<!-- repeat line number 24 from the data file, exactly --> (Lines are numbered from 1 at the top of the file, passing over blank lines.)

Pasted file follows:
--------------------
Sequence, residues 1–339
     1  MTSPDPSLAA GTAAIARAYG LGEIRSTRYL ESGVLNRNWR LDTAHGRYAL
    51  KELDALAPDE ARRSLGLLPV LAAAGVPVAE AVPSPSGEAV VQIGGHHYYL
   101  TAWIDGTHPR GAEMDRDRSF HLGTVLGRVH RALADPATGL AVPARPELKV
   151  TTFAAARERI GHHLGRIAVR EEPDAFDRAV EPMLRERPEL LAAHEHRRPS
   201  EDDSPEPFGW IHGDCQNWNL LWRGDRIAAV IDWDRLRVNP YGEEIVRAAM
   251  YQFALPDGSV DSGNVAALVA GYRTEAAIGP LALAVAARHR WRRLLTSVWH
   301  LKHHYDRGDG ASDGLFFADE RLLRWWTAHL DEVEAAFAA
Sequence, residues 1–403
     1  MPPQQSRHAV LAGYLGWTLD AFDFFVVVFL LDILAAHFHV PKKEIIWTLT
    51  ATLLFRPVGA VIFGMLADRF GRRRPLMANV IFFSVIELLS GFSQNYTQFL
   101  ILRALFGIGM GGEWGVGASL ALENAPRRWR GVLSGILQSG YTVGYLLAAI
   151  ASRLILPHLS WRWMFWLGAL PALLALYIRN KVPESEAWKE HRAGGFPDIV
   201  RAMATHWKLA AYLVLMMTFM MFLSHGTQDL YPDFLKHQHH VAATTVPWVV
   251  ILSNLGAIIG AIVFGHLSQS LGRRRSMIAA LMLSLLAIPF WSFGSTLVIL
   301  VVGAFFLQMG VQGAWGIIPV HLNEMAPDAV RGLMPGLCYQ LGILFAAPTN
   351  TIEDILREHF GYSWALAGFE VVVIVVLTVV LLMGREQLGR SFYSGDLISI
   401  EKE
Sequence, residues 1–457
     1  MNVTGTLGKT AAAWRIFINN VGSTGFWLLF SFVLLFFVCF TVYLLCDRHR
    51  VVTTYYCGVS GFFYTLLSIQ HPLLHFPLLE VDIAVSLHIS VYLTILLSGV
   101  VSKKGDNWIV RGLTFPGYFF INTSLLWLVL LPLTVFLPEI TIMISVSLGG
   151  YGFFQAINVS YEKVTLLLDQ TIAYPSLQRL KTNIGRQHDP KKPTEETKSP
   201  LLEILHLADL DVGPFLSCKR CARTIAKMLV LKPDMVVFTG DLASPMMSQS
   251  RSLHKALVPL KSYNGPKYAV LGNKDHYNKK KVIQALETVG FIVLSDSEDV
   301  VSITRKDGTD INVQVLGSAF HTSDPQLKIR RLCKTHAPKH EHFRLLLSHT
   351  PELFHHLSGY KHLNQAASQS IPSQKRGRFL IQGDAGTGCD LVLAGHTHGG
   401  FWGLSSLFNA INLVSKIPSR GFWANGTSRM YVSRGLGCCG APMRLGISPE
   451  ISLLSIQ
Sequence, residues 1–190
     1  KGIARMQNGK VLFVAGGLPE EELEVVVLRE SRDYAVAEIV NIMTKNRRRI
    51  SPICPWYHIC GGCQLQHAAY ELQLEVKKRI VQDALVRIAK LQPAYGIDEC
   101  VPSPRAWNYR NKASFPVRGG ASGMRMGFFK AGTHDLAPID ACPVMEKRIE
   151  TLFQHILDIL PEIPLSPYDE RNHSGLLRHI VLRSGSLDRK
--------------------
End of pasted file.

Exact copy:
   201  LLEILHLADL DVGPFLSCKR CARTIAKMLV LKPDMVVFTG DLASPMMSQS